Why not? Doing things well is important in any case. Doing them badly is a big waste. The point is: give value, make noble that which you do. If I cook, remembering that this act puts me in harmony with others, with their frequency, and I respect the food I am preparing, this can be spiritual. We work precisely in this direction, to succeed in always being understood in what we do, intentional, respectful, in every act, even the most simple ones.

    Moments of prayer and meditation are those in which we recapitulate this will to give significance to what we do, and we try to perceive where we are on this path.

    Everyone prays how they want. There are prayers that many people like, ones that represent an element of union and that are sometimes recited in the same way for everyone. The prayer is toward the divine essence of the universe, which is like, how do you say, the divine essence of the human being. If you come to Damanhur – I don’t know if you’ve ever been here – you’ll see symbols of some faiths of the past and present, especially in one of the halls of the Temples of Humankind, which has 35 stained glass windows dedicated to 35 different faiths. But we don’t address these “faces of God.” We celebrate the innate sense of the divine within the human being, which brings him/her to continually seek, to know and explain what exists beyond our senses, beyond death.

    We pray to the divine essence outside of us to reawaken it within us. And seeing as how we think that we should be the protagonists of this reawakening, we consider that the best prayer is to act, giving a spiritual significance to our actions.

  34. I answered this question for one of our friends and would like to share the answer with you…

    “Please talk about your own spirituality and how you think Damanhur affects it…”

    In terms of formal spiritual background, I come from a long line of Chinese Buddhists, I was raised by agnostic scientists without religion, and I have independently explored many spiritual orientations in the past, in search for truth and wholeness: Christianity, Soto Zen Buddhism, yoga, some aspects of pagan naturalism, wiccan feminine traditions and Native American spirituality. Living from compassion, connection and heart-centered action is the thread that runs throughout all these explorations. Healing arts have also been a powerful spiritual expression for me.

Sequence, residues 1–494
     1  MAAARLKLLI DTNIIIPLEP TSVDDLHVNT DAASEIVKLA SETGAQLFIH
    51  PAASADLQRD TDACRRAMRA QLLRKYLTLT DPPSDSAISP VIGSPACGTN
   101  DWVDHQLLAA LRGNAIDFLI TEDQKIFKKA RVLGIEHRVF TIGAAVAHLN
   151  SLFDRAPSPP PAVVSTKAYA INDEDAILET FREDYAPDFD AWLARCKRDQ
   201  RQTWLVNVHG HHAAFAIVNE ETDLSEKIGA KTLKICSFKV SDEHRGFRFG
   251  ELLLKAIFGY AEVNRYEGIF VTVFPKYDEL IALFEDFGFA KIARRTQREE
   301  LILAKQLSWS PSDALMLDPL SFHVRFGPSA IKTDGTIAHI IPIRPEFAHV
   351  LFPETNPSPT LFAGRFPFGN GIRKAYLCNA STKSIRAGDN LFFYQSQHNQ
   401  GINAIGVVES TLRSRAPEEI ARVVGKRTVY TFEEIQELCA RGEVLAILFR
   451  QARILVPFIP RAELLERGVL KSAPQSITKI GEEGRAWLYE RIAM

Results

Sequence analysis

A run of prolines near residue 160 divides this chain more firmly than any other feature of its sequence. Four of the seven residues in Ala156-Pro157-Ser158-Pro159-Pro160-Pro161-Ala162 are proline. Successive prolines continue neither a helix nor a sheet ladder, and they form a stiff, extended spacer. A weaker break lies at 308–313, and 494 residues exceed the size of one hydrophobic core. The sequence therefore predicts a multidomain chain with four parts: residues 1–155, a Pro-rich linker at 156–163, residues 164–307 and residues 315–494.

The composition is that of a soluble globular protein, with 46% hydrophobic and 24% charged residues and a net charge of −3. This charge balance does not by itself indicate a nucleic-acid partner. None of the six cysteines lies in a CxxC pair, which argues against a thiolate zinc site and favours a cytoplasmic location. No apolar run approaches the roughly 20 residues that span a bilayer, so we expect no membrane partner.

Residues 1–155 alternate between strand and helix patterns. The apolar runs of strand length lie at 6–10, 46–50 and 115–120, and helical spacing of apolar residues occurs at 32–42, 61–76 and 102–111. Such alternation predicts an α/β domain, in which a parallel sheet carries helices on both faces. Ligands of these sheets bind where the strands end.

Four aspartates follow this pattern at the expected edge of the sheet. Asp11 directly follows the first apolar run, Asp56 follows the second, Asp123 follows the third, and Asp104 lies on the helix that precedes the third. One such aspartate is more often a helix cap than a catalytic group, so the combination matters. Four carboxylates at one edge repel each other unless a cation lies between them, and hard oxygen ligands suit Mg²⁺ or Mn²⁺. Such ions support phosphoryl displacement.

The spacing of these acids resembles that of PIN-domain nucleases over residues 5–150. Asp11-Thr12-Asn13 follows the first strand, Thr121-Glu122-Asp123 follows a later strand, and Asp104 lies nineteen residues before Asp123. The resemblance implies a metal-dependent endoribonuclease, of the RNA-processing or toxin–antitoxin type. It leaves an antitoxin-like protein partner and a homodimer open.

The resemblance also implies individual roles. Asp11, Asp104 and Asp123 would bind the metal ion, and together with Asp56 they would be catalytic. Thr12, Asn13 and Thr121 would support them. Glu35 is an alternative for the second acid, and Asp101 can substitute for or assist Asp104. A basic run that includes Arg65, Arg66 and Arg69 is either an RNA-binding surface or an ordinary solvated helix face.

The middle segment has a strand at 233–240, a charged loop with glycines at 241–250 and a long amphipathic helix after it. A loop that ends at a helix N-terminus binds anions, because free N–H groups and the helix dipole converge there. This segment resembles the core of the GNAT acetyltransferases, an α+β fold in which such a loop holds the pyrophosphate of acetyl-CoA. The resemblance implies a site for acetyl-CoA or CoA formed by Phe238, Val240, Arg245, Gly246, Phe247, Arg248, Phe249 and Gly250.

Damanhur’s spiritual practice has been a channel for me to honor all of these past connections with divinity in a cohesive sense of wholeness, connecting with the divine within me and in the universe, through ritual, the Temples, through everyday life. We are here to bring the divine into the material world, into the here and now. At Damanhur, I have many opportunities to infuse my intense creative energy with spiritual intention. I am an artist in every sense and specialization: writing, dance, theatre, music, singing, painting, drawing even culinary arts and clothes-making. Expressing these creative energies within me is a way of expressing my own divinity, and of reinforcing the existence of a world of light, love and freedom. Meditation at Damanhur is meditation in action. We pray with our hands in the dirt, sculpting clay and slicing carrots, as much as with any ritual, and we do it to elevate and honor all of humanity.

  35. Thank you for your article. I read the other comments you have published as well. I’m a great believer that we are all here learning in our own way. What might sit right for someone, will not sit right for another. That’s what makes our world so amazing and the people in it.

    Love and Light